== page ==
Research shows that a little-known carotenoid called astaxanthin (pronounced asta-ZAN-thin) could add years, even decades to your life. In fact, it activated a “longevity gene” in a recent lab study.
Of course, with Thanksgiving coming up, I tend to think even more than usual about carotenoids. All those yellow and orange vegetables associated with the fall harvest — including pumpkins, squash, sweet potatoes, yams, yellow corn, and carrots — are full of these healthy, colorful nutrients.
Thirty years ago, I researched the carotenoids found in fruits and vegetables, such as zeaxanthin, lutein, and lycopene. And I helped discover their important roles in human nutrition and metabolism. Since then, lycopene has been found to support prostate health, and lutein and zeaxanthin have been found to support brain and eye health.
You can also find carotenoids in marine life and seabirds. For instance, did you ever wonder what makes flamingos pink? It’s all about the food chain. Their color comes from the carotenoids found in the shrimp they eat, which, in turn, comes from the marine plankton shrimp feed on.
Gloucester Biomarine, one of the local industries in my hometown, specializes in producing marine carotenoids. (The local industry in Gloucester had to come up with something new to produce, since the federal government ran them out of the fishing business, which had supported this historic seaport since the 1620s.)
Marine carotenoid linked to longevity
In the new study I mentioned above, researchers found that the marine carotenoid astaxanthin, which gives lobster and salmon their reddish color, may be a key to longevity. Researchers with the University of Hawaii (which is surrounded by rich marine resources of their own) conducted the study.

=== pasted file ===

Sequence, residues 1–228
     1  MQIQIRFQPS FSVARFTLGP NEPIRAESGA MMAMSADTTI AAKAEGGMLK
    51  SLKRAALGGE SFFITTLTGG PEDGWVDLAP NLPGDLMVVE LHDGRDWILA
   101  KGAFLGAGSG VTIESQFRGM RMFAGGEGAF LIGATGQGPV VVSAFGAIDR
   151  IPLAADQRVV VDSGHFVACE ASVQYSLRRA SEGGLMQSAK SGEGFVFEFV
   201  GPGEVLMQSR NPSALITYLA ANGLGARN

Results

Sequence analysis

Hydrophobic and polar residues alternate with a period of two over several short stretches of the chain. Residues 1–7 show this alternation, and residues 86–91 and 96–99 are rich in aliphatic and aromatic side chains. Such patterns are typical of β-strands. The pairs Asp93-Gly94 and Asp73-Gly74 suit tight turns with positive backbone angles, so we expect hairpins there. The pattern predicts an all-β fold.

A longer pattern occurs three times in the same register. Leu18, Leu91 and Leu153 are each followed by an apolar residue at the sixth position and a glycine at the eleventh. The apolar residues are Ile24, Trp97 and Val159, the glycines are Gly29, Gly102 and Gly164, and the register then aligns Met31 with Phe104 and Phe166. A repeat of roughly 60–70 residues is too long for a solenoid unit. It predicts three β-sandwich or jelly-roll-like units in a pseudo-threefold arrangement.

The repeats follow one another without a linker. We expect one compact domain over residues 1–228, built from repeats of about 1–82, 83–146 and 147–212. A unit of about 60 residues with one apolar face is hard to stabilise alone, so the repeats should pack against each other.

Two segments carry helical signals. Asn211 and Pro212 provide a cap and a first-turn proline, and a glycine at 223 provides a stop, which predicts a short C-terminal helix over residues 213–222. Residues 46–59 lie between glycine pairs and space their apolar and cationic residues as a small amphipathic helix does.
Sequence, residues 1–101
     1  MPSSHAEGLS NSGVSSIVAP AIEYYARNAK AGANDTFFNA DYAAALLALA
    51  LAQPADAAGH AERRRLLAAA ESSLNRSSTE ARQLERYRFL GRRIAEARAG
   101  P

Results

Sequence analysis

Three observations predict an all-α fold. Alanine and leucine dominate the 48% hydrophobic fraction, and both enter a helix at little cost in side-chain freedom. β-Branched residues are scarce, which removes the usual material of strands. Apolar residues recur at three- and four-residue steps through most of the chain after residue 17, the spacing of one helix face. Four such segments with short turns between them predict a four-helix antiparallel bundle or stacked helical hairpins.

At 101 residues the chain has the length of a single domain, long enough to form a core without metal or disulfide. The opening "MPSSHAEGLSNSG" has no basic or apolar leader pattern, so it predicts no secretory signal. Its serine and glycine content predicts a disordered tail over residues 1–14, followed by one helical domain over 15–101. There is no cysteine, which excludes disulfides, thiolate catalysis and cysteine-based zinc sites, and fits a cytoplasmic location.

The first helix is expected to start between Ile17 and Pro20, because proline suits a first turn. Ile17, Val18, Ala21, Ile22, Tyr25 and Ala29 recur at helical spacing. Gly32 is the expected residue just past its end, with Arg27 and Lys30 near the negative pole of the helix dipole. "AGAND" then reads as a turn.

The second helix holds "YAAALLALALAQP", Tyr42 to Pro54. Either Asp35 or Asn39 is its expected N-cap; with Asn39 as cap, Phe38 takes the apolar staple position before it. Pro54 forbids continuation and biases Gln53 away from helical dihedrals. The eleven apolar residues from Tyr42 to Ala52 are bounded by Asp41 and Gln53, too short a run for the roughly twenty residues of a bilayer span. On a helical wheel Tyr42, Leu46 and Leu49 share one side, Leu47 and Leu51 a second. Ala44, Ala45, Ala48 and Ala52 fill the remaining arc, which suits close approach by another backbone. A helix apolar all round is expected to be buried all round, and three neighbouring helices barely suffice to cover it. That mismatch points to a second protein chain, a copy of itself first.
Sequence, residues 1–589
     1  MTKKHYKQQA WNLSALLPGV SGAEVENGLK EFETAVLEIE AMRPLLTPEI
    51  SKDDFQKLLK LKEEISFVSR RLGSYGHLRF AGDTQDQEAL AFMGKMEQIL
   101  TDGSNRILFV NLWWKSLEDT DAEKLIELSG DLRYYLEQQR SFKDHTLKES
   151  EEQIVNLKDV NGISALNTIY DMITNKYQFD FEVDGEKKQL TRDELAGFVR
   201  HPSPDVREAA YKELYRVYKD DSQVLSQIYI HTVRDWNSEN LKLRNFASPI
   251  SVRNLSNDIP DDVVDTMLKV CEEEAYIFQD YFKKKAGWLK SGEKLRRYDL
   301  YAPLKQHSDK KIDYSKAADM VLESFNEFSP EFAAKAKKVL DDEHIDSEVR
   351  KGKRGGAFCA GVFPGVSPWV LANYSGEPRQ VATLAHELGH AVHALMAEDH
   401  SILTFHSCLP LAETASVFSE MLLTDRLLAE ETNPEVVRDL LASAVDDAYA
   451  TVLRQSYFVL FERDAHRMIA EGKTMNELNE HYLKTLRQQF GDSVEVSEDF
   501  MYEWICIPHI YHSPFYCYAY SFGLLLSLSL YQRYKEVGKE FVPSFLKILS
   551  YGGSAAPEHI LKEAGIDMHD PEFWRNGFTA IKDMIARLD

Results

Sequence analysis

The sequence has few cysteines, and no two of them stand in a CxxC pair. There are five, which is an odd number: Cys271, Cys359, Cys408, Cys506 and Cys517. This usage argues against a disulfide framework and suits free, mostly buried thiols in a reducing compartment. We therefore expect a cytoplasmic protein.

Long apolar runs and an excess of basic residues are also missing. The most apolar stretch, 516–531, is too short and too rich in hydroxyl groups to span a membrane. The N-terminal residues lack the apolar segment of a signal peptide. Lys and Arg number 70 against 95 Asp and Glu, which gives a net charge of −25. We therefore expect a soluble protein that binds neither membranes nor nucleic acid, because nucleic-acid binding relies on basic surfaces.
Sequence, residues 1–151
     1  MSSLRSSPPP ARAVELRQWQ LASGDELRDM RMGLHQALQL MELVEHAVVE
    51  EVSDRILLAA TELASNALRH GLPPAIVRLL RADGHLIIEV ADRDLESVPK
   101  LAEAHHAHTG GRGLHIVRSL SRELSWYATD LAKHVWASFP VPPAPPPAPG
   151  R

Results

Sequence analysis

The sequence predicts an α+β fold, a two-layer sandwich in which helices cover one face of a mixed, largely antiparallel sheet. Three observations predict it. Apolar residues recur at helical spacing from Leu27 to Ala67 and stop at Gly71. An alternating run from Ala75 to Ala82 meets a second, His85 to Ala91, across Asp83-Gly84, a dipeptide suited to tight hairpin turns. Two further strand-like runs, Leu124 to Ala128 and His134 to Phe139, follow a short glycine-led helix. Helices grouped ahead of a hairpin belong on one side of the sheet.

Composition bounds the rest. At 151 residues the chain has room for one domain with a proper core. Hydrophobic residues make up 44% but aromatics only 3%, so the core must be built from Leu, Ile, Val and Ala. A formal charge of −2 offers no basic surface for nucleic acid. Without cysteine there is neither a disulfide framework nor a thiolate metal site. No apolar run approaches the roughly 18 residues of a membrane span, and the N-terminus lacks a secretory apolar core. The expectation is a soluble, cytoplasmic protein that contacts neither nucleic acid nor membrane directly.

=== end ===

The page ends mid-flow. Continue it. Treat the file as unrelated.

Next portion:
Specifically, the researchers looked at astaxanthin’s effects on a gene called FOXO3. All humans have this gene, but only one in three people have a variant associated with longevity.
To start, the researchers divided lab animals into three groups. The first group received a normal diet. The second group received a diet with low levels of a compound in astaxanthin called CDX. The third group received a diet with high levels of CDX.
They found that the animals receiving the highest amount of astaxanthin showed a 90 percent increase in activation of the FOXO3 “longevity gene” in their heart cells.
Of course, these researchers wanted to find a “magic bullet” effect of CDX on a “magic gene” — most likely so they can turn it into a drug.
But, as you might guess, I recommend just taking whole astaxanthin, as the benefits go well beyond any one gene, or any one constituent.
In fact, astaxanthin has many observed health benefits.
For one, like other carotenoids, astaxanthin acts as an antioxidant. It can neutralize free radicals with 6,000 times the potency of vitamin C. And it has 550 times the potency of vitamin E.
Second, research shows astaxanthin had direct effects on many common conditions, including:
• Pain: Studies show astaxanthin helps relieve rheumatoid arthritis pain. In one clinical trial, researchers gave patients just four mg of astaxanthin. The patients reported an 85 percent improvement in pain and a 60 percent improvement in mobility.